Zero Hour If you've never had the absolute pleasure of experiencing the one-and-only Zero Mostel -- and that's the only way to describe his free-wheeling performances, an experience -- then Jim Brochu's one-man show on Mostel's life and times, running concurrently at Stages Repertory Theatre with another one-man show, I Am My Own Wife, is probably the nearest and best you'll ever get.
Three-time Tony winner, Mostel is one of Broadway's monstres sacrés: an original, something titanic, a force of nature. As a performer, he was his own shock and awe, and his story is one of steely determination, fierce pride and unquenchable anger at what happened to him and his many friends during the '50s Communist witch-hunts. When his performing career was curtailed, he survived through his first great love -- painting -- his lifeline to creativity. Mostel was one of the lucky ones; he outlived his adversaries and returned in triumph to Broadway (Eugene Ionesco's Rhinoceros, Sondheim's Funny Thing Happened on the Way to the Forum, Harnick and Bock's Fiddler on the Roof) and then Hollywood (Mel Brooks's The Producers).
An incredibly versatile actor, he made you weep with his brilliant insight into James Joyce (Ulysses in Nighttown), or roar with laughter from his antics with The Muppets. All the highlights and lowlights of Mostel's complicated, seismograph-like life are covered by Brochu, who bellows, cajoles, pleads and charms much like Zero.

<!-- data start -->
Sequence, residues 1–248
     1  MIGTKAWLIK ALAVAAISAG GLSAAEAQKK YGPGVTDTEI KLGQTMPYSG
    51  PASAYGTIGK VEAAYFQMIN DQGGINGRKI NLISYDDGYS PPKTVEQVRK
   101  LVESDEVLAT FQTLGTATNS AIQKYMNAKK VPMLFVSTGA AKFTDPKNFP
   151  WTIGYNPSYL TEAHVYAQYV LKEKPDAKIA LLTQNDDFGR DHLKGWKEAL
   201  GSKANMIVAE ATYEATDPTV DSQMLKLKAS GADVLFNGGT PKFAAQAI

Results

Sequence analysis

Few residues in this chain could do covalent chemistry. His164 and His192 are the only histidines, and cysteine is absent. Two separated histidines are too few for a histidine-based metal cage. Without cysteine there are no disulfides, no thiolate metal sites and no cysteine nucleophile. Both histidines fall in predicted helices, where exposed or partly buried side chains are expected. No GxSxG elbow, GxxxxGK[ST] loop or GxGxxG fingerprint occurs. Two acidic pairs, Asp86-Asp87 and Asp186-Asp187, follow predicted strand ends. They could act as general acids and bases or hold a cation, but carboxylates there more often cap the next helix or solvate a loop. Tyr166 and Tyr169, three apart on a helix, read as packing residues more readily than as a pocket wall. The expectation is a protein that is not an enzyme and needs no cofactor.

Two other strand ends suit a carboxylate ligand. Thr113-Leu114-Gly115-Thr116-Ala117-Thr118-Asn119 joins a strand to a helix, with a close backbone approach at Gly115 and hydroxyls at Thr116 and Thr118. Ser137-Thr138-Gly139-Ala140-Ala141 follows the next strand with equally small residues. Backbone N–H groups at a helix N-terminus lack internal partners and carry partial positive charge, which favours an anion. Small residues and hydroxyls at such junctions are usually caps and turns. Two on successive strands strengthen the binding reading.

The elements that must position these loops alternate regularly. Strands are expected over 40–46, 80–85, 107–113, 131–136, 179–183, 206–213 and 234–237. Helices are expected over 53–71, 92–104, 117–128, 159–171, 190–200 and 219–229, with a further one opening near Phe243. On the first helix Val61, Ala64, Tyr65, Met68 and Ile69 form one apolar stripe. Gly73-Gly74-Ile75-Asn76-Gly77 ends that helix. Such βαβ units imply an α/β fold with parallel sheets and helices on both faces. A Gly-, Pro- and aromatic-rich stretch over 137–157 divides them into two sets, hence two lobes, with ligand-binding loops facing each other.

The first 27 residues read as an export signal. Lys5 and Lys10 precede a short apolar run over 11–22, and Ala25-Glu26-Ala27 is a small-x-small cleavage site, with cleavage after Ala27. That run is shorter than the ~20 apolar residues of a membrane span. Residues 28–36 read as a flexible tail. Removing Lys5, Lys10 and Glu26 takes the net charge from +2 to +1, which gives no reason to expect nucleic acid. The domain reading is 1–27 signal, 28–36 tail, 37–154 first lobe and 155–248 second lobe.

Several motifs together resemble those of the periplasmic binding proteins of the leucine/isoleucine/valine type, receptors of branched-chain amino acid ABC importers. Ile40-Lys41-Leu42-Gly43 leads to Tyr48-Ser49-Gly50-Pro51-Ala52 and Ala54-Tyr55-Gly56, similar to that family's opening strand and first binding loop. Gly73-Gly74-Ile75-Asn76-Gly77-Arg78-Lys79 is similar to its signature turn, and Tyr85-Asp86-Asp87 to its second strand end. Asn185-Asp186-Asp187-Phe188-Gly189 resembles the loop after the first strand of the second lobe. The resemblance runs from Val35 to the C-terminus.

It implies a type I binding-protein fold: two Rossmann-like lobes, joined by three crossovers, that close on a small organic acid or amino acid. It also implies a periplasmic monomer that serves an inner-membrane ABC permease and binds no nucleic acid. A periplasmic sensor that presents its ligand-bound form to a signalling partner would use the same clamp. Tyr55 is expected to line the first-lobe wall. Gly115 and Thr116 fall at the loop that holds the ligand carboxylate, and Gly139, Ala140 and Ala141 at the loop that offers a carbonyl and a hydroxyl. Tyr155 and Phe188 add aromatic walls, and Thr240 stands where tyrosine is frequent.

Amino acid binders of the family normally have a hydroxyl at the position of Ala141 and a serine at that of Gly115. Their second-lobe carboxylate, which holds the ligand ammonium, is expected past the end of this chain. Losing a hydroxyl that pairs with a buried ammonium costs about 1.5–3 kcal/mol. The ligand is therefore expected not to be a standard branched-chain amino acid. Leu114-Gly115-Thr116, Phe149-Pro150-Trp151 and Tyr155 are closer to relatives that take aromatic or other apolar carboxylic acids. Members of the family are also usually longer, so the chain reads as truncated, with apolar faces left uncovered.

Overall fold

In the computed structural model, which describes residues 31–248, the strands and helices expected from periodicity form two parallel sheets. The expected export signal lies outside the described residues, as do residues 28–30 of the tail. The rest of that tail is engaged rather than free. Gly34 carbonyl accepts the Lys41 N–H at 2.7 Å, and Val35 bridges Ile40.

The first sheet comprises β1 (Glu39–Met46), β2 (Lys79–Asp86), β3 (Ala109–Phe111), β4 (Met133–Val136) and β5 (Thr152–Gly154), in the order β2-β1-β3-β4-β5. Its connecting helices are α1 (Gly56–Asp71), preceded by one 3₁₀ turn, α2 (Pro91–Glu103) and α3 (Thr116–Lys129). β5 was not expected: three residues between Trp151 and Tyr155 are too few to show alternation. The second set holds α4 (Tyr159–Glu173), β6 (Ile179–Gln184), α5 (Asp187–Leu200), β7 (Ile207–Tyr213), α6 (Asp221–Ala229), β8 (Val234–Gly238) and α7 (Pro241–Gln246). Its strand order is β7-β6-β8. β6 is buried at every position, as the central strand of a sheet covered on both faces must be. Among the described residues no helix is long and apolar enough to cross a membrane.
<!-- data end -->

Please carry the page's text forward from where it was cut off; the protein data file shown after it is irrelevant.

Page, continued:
There's a snippet from Mostel's comic days at Café Society; an improv from his first drama class; his "Hello, loose lips" speech in front of the full Forum cast, coldly welcoming HUAC rat Jerome Robbins as the show's new director; and endearing personal family confessions. Comedy, pathos, Borscht belt schtick, bombast and sentiment, and Mostel's instantaneous shift from one to another, it's all here and rendered with loving photorealism. The physical resemblance is downright eerie: a slicked-down comb-front that Mostel should have trademarked, those haunting saucer eyes, that surprising agility like one of the hippos from Fantasia and that melodious thunder of a voice.
(Here is Zero on the Muppets, referred to above:)
When the history of "The Big Voice: God or Merman? is written, there will be one moment that will shine, for us, above all. And it happ...
Hal Block, the increasingly irritating panelist on "What's My Line?" was fired last night after the show. Well, back in 1953. ...
Charles Nelson Reilly with the Laguna Playhouse cast of The Last Session. R. to L.: Joel Traywick, Bob Stillman, Michele Mais, Charles Nels...